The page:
I've upgraded from Home to Pro by just entering a Pro key. The change product code option. My PC then upgraded to Pro without the need for install media. The Pro features are just unlocked. It then activated and got a new Pro Digital License. I can, and have clean installed Pro and activated with that Digital License with no issues. I can now install Pro and skip entering a key.
Keep in mind though, the current Windows 10 install media will read and use an OEM embedded key if one exists. In my case my laptop has an 8.0 Core key, so I get 10 Home by default. To avoid this I add a PID.txt file to my install media with the 10 Pro generic key. That overrides the auto detection of my OEM key and installs Pro instead of Home. Perfectly legal and saves me time. This only works if you have a DL for Pro, if you don't it won't activate.
Hi A. I guess that's the advantage of buying the full retail copy of Pro and getting the key for it. I think (after some thought) that I'll go that route rather than the Pro upgrade to keep it simple.
To the earlier stuff. I called MS Store UK tech support again just now and asked about he limitations of the Pro Upgrade - got a guy who wasn't rushing.
He confirmed that the Pro Upgrade can be repeatedly clean re-installed. He pointed out though that a clean install will remove the Home key and/or other identifying information (?) from the computer, and advised setting up an MS account. That way there would be a record of purchases. It'd still require re-insalling the OEM licensed copy of Home first though. (hope I got that right)
He also confirmed that the Upgrade is non -transferable to other computers.
And he got that one wrong too. First, if the computer came from the manufacturer with Windows 10 Home, the product key for Windows 10 Home is stored in UEFI and cannot be removed. A reinstall of Windows 10 will, by default, install the version it fingds a product key for in UEFI/BIOS and it will activate. The user must take active steps to get Windows 10 Pro to install if there is a product key for Home stored in UEFI/BIOS. Second, there are plenty of us members here, including myself, who upgraded our Windows 7 and 8 Home versions to Windows 10 Home and then subsequently upgraded to Windows 10 Pro later. Our computers, including mine, will activate via digital license on both Home and Pro versions.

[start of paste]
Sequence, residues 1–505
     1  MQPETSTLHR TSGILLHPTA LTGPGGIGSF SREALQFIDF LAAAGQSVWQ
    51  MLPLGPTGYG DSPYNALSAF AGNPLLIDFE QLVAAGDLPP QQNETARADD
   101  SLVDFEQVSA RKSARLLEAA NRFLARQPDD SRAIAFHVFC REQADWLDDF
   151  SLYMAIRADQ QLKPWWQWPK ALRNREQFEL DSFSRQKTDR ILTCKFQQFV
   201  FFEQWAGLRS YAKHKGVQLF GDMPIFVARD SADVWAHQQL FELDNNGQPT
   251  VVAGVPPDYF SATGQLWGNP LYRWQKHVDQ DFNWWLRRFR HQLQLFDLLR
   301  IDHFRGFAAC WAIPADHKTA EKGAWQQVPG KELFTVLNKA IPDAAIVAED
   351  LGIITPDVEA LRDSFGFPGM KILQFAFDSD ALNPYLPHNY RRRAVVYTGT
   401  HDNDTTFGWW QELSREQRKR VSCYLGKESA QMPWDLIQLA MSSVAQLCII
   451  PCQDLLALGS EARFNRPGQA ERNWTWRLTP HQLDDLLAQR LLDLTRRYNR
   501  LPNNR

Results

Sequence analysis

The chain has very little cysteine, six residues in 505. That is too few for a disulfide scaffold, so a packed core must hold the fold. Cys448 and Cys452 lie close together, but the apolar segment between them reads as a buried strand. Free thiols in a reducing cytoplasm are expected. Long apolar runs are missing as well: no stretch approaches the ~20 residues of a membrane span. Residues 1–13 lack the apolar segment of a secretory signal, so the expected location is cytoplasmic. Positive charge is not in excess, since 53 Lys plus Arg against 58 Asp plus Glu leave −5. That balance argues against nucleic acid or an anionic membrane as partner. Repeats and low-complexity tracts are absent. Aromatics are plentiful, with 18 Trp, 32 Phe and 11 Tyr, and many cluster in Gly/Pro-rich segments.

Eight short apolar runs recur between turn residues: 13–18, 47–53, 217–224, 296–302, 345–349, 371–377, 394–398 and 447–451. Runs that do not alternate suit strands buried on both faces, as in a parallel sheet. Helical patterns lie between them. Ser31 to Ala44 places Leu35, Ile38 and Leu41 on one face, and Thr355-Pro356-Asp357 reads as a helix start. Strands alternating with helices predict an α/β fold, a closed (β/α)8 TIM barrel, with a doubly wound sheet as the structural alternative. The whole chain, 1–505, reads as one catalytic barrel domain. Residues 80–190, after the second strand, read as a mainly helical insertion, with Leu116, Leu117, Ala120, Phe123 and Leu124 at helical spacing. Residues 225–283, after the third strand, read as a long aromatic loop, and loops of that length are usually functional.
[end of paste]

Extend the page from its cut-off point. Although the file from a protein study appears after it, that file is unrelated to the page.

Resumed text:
The OEM Embedded key is not altered or erased by installing Windows. Or any OS. Even flashing the BIOS will not remove it. I have several PC's with multiple Digital Licenses. All legally obtained and valid. Having one for Pro does not negate also having one for Home, or Education for that matter. My laptop started with Windows 8.0 Core OEM. It was upgraded to 8.0 Pro (via key), then 8.1 Pro (free upgrade), then 10 Pro (free upgrade). On a clean install 10 Home was installed because of the 8.0 OEM key. It activated with a DL because the free upgrade was still active. Thus I ended up with a Home and a Pro DL. I just used the generic Pro key to upgrade back to Pro. It then activated with the Pro DL it already had. I did another install with stock install media (newer build) after that and the same thing happened. Home installed and activated with a DL.
Ho hum. Thanks guys. Seems like MS support may not be all that reliable.
Is getting past the Home key in the UEFI difficult, or just a matter of selecting one of whatever number of presented options?
so when i built my win 10 box it was registering roughly 18-19 gb of ram for usable and now its only at 9.95... any ideas? Oh, and ive already done the unchecking of the ram boxes in startup
I'm in the process of configuring a new Win 10 laptop from Dell and buying the MS Office package from them seems a bit steep here in UK.
I have found a few places online that sell the MS Office Home & Business package but have reservations...
How many folks are planning to buy the Win10 Pro version when it is released? I am going to buy a full copy when it is comes out. A year does not last very long and then we will need to buy it anyways.
Hopefully MS will include a discount for us...
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Anyone testing w10 direct upgrade method from 7 Home premium?
Here is what I mean, you have everything you wanted installed on windows 7. Then you chose to upgrade instead of doing a clean install. If so, your complaints and praises please.